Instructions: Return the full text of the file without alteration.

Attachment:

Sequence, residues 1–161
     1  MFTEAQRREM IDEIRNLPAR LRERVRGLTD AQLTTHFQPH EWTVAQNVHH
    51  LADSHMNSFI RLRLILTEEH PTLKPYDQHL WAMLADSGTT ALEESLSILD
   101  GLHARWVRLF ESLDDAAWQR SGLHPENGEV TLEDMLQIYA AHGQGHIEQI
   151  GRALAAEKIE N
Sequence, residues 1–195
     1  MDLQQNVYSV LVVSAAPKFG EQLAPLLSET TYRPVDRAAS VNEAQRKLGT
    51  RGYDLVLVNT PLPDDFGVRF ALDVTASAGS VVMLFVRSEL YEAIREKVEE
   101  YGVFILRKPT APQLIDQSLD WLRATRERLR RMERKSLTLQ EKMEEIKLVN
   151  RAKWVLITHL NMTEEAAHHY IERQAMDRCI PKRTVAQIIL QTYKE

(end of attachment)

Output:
Sequence, residues 1–161
     1  MFTEAQRREM IDEIRNLPAR LRERVRGLTD AQLTTHFQPH EWTVAQNVHH
    51  LADSHMNSFI RLRLILTEEH PTLKPYDQHL WAMLADSGTT ALEESLSILD
   101  GLHARWVRLF ESLDDAAWQR SGLHPENGEV TLEDMLQIYA AHGQGHIEQI
   151  GRALAAEKIE N
Sequence, residues 1–195
     1  MDLQQNVYSV LVVSAAPKFG EQLAPLLSET TYRPVDRAAS VNEAQRKLGT
    51  RGYDLVLVNT PLPDDFGVRF ALDVTASAGS VVMLFVRSEL YEAIREKVEE
   101  YGVFILRKPT APQLIDQSLD WLRATRERLR RMERKSLTLQ EKMEEIKLVN
   151  RAKWVLITHL NMTEEAAHHY IERQAMDRCI PKRTVAQIIL QTYKE